What's the short explanation?
The short non-technical explanation is that as long as you ensure that your identity is not published, then all of your data on the Sailing Resume Blockchain is anonymous as only your Sailor ID and public key is included on the Sailing Resume Blockchain.
However, if you choose to release and/or publish your name as the owner of either the Sailor ID or public key, then anyone with this information will be able to associate whatever identity information your released/published (first name, last name, etc.) with the transactions on the Sailing Resume Blockchain.
What's the more technical explanation?
The more in-depth technical explanation requires some understanding of what blockchain/distributed ledger technologies are, and how Charter Rode has used these underlying technologies to create a Hybrid Blockchain to benefit all mariners world-wide. So, grab your favorite beverage and let's dive in!
What are blockchain and distributed ledger technologies?
Blockchain is a system of recording information in a way that makes it difficult or impossible to change, hack, or cheat the system. Distributed ledger technology (DLT) is another name for blockchain and the underlying components that enable a distributed and immutable (unchangeable) database.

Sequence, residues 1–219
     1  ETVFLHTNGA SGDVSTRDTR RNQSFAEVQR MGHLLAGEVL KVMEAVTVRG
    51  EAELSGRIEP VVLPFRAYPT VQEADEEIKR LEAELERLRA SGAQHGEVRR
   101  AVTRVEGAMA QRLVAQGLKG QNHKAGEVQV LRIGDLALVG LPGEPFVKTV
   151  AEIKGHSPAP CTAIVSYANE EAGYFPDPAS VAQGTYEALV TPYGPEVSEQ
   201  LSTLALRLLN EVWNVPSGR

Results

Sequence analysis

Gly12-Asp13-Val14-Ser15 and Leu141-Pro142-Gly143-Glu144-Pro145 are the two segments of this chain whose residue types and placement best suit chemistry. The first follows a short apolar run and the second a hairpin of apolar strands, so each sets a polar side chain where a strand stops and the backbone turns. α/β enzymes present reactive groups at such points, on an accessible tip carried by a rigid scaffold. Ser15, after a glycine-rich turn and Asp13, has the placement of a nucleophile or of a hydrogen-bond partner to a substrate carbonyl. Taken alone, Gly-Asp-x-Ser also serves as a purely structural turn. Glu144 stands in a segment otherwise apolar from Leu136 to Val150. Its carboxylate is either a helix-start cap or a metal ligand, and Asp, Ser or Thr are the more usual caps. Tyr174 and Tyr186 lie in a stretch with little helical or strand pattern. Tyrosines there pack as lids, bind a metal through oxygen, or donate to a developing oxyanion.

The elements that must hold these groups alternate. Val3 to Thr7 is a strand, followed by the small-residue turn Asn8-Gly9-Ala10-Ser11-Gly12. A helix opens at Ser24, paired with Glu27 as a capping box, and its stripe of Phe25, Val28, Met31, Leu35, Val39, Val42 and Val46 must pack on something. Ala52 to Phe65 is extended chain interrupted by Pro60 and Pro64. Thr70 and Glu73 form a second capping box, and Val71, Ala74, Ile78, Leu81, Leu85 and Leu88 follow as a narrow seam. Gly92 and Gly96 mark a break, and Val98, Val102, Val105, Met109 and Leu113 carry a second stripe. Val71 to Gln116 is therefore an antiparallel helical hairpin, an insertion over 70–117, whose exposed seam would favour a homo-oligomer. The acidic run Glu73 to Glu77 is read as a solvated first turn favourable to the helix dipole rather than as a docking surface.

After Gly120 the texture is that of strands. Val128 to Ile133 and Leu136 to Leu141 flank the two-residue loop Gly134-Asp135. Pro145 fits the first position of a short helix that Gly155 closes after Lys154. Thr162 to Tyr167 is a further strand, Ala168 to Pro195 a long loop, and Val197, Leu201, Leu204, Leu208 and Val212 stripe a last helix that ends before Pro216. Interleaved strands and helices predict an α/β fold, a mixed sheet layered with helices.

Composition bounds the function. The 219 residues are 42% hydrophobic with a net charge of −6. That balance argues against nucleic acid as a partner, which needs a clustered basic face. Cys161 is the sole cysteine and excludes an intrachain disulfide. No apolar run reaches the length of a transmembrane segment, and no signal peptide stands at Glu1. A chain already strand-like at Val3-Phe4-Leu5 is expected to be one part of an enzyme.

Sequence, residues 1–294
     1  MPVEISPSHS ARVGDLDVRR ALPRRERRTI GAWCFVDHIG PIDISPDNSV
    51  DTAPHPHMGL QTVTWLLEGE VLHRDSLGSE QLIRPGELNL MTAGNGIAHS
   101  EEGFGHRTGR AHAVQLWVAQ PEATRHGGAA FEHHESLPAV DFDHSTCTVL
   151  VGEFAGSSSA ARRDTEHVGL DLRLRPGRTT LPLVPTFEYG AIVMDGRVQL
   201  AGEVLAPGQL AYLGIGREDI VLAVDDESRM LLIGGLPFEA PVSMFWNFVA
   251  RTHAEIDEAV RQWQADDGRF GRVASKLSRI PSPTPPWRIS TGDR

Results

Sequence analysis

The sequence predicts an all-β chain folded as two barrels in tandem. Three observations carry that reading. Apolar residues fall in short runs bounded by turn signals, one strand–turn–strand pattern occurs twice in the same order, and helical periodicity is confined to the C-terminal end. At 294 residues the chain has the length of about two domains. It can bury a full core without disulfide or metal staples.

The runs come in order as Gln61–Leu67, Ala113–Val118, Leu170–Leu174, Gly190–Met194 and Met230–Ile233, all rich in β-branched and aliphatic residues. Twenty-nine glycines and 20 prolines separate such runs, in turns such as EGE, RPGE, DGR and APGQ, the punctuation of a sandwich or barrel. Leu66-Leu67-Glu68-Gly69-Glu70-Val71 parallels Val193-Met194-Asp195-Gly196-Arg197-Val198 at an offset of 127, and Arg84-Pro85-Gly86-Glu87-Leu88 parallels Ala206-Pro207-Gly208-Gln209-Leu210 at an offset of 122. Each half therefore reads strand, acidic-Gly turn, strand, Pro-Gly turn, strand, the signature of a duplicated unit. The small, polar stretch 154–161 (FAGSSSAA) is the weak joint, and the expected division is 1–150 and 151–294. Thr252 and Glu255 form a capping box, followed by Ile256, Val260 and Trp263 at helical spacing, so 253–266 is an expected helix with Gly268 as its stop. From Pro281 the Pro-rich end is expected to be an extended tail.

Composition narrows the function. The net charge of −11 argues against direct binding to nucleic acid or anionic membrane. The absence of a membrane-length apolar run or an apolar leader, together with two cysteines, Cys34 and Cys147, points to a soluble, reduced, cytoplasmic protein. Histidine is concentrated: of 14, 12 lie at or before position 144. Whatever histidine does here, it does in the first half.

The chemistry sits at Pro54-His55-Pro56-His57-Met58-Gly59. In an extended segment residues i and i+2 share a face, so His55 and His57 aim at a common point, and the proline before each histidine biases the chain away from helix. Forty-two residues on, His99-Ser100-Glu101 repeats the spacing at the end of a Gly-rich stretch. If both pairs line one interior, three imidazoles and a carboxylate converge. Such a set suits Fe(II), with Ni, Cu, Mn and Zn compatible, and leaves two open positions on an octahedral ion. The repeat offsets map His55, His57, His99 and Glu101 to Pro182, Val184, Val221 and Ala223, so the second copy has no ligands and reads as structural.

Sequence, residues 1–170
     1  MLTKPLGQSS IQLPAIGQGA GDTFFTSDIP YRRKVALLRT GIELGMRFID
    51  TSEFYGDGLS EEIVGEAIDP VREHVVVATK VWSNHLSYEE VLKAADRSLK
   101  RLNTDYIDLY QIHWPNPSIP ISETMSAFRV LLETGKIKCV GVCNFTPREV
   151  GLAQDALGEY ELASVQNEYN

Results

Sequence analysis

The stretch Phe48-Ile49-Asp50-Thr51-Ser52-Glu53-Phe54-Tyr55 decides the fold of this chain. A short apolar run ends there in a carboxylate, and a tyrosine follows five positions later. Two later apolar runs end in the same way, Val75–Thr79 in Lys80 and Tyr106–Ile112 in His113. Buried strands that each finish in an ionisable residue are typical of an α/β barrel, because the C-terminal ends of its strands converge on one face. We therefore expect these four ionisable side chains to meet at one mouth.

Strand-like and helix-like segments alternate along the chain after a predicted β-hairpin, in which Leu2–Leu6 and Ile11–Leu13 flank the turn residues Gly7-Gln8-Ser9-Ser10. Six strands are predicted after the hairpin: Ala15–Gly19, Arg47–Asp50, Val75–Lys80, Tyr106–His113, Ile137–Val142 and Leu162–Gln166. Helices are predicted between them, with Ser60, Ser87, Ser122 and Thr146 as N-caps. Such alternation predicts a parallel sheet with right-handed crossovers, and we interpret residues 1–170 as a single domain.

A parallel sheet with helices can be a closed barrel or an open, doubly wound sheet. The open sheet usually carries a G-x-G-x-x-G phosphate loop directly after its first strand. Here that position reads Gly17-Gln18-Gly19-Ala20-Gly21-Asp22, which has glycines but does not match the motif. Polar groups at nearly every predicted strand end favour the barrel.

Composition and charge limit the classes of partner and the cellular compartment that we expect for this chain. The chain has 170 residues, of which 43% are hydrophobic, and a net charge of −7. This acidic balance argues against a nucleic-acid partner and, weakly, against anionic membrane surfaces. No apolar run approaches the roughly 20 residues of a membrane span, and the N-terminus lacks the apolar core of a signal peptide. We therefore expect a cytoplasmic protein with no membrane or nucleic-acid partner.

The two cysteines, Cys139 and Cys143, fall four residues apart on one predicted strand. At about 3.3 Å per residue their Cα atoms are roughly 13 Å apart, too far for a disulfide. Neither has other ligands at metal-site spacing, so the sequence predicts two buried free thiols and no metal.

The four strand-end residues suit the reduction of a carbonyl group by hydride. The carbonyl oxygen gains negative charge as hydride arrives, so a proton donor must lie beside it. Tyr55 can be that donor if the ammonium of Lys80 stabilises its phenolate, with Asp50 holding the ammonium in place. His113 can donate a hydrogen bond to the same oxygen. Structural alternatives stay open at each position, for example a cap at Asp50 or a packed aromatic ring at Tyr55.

Blockchain systems use cryptographic keys to digitally sign data and to prove that the holder of the cryptographic keys created the data. This allows for a secure and trusted way to share data. In the case of Bitcoin, it is data relating to who owns which Bitcoins on the Bitcoin network. In Charter Rode, it is who owns and who verified sailing experience logged on your Trusted Sailing Resume.
Charter Rode Is a Hybrid Blockchain
Public blockchains allow anyone to join the network; anyone to verify transactions; and anyone to read all data relating to the network/chain. Charter Rode is a hybrid blockchain because not all the data relating to the Charter Rode network is made public. Only verified transactions, without identity information, are published to the Sailing Resume Blockchain that anyone in the world can see without any restrictions. For example, when you create your account, you must upload government issued photo ID pictures to ensure you are who you say you are. These photos are never shared on the Sailing Resume Blockchain and are only used internal to Charter Rode to validate your identity.
In addition, not everyone may join Charter Rode. If you refuse to allow Charter Rode to verify your identity, or if you create fraudulent transactions of your experience, you will be denied an account, or your account may be suspended, or you may face a lifetime ban.
Finally, only verified accounts may provide Crewmate verification of another user’s experience. Charter companies may only verify experience directly obtained on their charter fleet. Education institutions such as American Sailing Association (ASA) or United States Sailing Association (US Sailing) may verify only their own students who earn their credentials through their education providers.
Why is Charter Rode open to the public to view all confirmed logbook entries?